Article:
FIG. 12 is a timing diagram of a latch timing wherein the DRAM sending the data is switched or bus turnaround from read to write to read.
FIG. 13A is a circuit diagram of Controller Receiver Enable.
FIG. 13B is the circuit diagram of DRAM data-input Receiver Enable.
FIG. 14 is the timing diagram of latching an 8-bit burst.
FIG. 15 is block diagram of a wide memory system.
FIG. 16 is a circuit diagram of a 4-bit serial-to-parallel converter circuit for DRAM read data in the wide memory system of FIG. 15.
FIG. 17 is a block diagram illustrating data flow between parallel DRAMs and a Controller in the wider memory system.
FIG. 18 is a timing diagram and data latching window with more than data rate skew between the top and bottom DRAMs for the data arriving at the controller.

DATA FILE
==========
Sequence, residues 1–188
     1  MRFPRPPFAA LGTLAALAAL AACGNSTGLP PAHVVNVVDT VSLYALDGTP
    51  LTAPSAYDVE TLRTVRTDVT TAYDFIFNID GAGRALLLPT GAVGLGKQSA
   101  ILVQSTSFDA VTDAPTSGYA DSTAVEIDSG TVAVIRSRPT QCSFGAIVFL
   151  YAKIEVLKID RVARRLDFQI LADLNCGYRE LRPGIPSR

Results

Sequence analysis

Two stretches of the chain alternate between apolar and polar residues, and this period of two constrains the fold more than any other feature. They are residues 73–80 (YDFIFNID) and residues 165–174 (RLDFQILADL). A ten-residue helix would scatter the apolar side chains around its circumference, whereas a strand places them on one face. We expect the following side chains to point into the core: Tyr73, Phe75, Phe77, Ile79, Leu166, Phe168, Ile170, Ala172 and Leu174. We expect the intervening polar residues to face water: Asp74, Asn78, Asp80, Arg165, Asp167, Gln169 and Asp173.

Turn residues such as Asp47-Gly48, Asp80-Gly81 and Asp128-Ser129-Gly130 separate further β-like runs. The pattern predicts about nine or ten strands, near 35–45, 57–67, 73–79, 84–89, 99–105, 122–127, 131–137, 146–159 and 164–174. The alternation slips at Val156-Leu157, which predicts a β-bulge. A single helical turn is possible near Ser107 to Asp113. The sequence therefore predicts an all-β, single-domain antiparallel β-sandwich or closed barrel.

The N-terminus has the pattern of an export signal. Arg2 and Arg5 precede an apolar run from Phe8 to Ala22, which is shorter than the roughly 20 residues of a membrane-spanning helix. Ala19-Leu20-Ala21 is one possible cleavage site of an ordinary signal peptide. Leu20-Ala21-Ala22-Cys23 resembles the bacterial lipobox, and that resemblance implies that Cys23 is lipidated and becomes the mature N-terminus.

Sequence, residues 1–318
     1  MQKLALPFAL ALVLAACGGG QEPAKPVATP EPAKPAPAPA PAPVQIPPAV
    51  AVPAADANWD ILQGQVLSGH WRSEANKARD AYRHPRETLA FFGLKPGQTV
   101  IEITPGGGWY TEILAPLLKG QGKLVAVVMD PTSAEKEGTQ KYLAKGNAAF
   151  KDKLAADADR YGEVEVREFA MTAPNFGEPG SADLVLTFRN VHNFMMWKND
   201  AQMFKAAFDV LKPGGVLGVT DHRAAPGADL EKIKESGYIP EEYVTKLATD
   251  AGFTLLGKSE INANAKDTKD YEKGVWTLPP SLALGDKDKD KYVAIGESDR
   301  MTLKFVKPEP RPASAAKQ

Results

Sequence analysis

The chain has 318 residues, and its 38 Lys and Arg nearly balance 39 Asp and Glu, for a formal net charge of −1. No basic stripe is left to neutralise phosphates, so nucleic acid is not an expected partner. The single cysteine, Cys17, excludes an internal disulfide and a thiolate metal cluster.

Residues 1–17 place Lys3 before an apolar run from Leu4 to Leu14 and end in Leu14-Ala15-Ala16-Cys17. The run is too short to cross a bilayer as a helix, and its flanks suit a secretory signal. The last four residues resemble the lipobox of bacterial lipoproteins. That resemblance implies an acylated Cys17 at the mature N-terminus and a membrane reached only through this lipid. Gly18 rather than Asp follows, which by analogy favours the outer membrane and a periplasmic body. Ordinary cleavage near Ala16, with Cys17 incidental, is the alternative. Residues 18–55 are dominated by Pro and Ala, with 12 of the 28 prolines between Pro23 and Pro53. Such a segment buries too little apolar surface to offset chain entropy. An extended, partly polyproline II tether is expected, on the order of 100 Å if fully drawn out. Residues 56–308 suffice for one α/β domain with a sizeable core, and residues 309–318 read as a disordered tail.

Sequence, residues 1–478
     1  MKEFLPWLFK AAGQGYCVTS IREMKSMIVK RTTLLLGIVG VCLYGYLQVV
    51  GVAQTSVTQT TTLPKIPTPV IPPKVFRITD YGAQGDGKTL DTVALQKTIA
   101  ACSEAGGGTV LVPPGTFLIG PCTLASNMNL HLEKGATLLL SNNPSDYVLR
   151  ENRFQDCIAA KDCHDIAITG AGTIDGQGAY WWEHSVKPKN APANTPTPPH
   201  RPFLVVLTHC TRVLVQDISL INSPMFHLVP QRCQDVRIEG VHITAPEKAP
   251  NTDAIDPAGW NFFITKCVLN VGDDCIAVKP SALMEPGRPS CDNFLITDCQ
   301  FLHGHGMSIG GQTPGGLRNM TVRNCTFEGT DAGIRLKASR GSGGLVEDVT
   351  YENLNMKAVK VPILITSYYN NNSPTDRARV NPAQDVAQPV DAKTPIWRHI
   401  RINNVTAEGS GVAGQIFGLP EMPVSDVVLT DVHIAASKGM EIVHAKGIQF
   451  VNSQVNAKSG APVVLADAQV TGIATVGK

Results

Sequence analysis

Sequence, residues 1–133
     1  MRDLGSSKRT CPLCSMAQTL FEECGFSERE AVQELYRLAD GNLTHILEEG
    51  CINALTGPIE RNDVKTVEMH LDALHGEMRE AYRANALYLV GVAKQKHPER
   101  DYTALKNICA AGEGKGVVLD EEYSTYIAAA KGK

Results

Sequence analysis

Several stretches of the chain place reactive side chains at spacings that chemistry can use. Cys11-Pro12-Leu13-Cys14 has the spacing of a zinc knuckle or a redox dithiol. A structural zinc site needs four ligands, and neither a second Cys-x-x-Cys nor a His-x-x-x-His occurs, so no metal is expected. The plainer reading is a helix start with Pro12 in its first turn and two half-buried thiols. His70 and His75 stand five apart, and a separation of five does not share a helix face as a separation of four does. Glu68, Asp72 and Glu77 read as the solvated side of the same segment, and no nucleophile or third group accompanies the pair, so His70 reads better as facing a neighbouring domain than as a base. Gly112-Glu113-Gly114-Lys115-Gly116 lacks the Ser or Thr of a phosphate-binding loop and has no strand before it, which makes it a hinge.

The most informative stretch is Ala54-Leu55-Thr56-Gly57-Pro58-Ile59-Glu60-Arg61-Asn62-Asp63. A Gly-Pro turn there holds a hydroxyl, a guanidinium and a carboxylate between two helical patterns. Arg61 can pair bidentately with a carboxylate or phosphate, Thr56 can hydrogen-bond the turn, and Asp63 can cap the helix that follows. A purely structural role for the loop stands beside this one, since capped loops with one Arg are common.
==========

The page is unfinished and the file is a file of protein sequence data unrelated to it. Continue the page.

FIG. 19 is a block and timing diagram illustrating the delays for proper latching of signals where the skew is greater than the signal rate.
The following description is provided to enable any person skilled in the art to make and use the invention, and is provided in the context of a particular application and its requirements. Various modifications to the embodiments will be readily apparent to those skilled in the art, and the generic principles defined herein may be applied to other embodiments and applications without departing from the spirit and scope of the invention. Thus, the present invention is not intended to be limited to the embodiments shown, but is to be accorded the widest scope consistent with the principles, features and teachings disclosed herein. It will be appreciated that the term “signal” herein is intended to include data, address, control or other information bits.